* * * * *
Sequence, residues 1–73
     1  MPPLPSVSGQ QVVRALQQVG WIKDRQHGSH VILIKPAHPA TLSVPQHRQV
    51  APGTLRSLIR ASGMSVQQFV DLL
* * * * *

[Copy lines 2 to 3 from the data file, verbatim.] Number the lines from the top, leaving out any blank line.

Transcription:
     1  MPPLPSVSGQ QVVRALQQVG WIKDRQHGSH VILIKPAHPA TLSVPQHRQV
    51  APGTLRSLIR ASGMSVQQFV DLL